Sydney Opera House

Sydney Opera House is the venue for a cultural performance and the venue for the Opening ceremony of GA2023 on 3 September 2023.

Fusing ancient and modernist influences, and situated on a site sacred to the Gadigal people for thousands of years, the sculptural elegance of the Sydney Opera House has made it one of the symbols of twentieth century architecture – and Australia.

On 28 June 2007 the Sydney Opera House became the youngest cultural site to be inscribed on the World Heritage List and one of only two cultural sites to be listed during the lifetime of its architect, Jørn Utzon (1918-2008). Inaugurated in 1973, the Sydney Opera House is a great architectural work of the 20th century that brings together multiple strands of creativity and innovation in both architectural form and structural design (Statement of Outstanding Universal Value:

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Greater Blue Mountains World Heritage Area

A highlight of the Scientific Symposium will be a full day trip to the Greater Blue Mountains World Heritage Area on Thursday 7 September 2023.

Inscribed on the World Heritage List in 2000, The Greater Blue Mountains World Heritage Area comprises more than a million hectares of sandstone plateaux, escarpments and gorges dominated by temperate eucalypt forest, and constitutes one of the largest and most intact areas of protected bushland in Australia. The geology and geomorphology, including 300 metre cliffs, slot canyons and waterfalls, provide the physical conditions and visual backdrop to support outstanding biological values. The property represents the evolutionary adaptation and diversification of eucalypts in post-Gondwana isolation on the Australian continent, and is home to rare and endemic taxa, including relict flora such as the Wollemi pine. The exceptional biodiversity values are complemented by numerous others, including indigenous and post-European-settlement cultural values.

This excursion would present and interpret the outstanding natural and cultural values of the Greater Blue Mountains, including Three Sisters Aboriginal Place, other Aboriginal sites and historic precincts.

We acknowledge the Aboriginal Dharug, Gundungurra, Wanaruah, Wiradjuri, Darkinjung and Tharawal Nations as the traditional owners of the Greater Blue Mountains World Heritage Area.

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Other GA2023 Venues & Sites

Hyde Park Barracks

Standing proudly at the southern end of Sydney’s Macquarie Street, the Hyde Park Barracks is an imposing yet restrained building with a chequered past.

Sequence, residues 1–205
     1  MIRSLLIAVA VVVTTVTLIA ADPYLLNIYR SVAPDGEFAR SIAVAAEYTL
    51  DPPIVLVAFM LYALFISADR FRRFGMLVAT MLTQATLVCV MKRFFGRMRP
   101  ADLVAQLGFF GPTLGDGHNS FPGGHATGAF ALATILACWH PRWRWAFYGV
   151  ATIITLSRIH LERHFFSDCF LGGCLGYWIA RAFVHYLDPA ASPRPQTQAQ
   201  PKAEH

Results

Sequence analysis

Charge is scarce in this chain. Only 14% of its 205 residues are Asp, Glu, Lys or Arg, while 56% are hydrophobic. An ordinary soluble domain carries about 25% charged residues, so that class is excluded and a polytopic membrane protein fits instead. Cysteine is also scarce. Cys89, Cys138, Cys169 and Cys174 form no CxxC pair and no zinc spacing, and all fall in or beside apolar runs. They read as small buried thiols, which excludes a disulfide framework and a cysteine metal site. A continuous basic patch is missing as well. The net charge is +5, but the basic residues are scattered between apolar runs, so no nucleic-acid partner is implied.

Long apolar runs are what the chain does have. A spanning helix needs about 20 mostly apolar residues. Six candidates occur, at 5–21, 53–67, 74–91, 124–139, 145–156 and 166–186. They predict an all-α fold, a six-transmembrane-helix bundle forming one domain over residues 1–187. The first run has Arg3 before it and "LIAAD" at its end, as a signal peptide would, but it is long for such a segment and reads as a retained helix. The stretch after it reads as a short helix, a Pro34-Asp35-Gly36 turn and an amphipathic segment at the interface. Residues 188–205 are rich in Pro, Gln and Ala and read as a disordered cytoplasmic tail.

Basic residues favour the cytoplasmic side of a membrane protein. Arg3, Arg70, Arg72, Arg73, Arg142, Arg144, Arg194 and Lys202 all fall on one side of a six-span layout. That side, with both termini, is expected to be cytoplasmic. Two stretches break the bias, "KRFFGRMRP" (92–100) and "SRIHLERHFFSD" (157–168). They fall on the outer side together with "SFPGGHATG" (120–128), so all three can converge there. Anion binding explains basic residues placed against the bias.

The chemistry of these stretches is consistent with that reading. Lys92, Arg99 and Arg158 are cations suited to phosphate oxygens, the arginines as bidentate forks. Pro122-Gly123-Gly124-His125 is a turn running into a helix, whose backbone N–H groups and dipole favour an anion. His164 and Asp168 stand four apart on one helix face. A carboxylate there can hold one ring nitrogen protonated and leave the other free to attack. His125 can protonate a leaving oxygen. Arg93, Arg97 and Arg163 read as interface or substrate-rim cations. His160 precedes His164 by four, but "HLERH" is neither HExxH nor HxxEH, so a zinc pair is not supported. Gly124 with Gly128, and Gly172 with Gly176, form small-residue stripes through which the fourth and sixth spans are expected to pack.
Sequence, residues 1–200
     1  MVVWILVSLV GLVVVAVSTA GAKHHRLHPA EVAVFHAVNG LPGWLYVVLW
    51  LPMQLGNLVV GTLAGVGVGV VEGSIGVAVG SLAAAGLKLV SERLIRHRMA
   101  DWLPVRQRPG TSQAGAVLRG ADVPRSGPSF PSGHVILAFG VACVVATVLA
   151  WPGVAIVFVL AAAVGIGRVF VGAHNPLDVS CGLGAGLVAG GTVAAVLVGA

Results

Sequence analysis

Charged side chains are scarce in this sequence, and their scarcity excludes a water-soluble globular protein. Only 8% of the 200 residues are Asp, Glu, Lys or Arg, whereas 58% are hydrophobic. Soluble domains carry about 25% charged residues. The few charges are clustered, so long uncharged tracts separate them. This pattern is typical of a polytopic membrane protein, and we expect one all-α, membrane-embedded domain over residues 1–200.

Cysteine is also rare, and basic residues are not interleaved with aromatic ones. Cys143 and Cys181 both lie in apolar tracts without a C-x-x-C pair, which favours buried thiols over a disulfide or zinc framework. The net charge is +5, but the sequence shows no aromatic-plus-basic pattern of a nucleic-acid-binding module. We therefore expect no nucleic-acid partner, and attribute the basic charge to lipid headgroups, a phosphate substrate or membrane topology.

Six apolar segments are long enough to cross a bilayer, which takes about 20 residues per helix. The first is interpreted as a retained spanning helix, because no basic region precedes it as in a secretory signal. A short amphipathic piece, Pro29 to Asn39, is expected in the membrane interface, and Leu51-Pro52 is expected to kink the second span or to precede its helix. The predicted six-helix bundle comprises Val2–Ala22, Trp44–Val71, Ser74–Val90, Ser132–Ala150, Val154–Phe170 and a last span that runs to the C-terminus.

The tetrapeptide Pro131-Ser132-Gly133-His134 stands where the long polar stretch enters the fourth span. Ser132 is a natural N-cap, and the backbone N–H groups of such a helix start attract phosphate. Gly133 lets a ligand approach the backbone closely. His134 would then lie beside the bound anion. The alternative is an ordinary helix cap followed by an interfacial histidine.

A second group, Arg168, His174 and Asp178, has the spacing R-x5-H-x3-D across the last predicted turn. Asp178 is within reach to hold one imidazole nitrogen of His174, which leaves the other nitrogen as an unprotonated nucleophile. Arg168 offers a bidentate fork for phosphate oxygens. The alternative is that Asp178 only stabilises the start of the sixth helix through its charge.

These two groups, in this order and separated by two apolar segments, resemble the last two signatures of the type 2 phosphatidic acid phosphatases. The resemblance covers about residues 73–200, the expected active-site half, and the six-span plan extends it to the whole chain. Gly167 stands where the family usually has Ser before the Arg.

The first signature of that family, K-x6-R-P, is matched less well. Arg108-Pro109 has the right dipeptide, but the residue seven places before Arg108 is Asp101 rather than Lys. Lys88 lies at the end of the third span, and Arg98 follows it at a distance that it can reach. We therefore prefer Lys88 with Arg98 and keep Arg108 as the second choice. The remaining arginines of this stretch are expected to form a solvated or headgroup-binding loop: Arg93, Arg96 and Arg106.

Perhaps the most significant survivor from Australia’s colonial period, this place has witnessed the development of Sydney – from convict beginnings and free migration to landmark legal decisions and heritage debates. From its opening in 1819 until the late 20th century, the barracks provided accommodation for convicts, female immigrants and aged and destitute women, and later housed courtrooms and government offices as a legal and administrative hub.

As the centre of the colonial convict administration and a crossroads for tens of thousands of convicts, Hyde Park Barracks is recognised as one of the world’s most important cultural heritage places, inscribed on UNESCO’s World Heritage List along with 10 other key convict sites around Australia. This listing acknowledges the key role the barracks played in the British Empire’s forced migration of people around the world, an unprecedented event in human history. ​

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Sydney Town Hall

The Lord Mayor of Sydney has graciously offered to host a welcome reception for the Advisory Committee at the Sydney Town Hall, the largest and most ornate late 19th century civic building in Australia.

Luna Park Sydney

Luna Park Sydney is a heritage-listed amusement park located on the northern shore of Sydney Harbour. It is one of Sydney’s most recognisable and popular icons and the Luna Park face in particular is an instantly recognisable symbol of Sydney. With spectacular views of the harbour, Sydney’s much-loved Luna Park is a superbly restored 1930s amusement park where everyone goes – just for fun.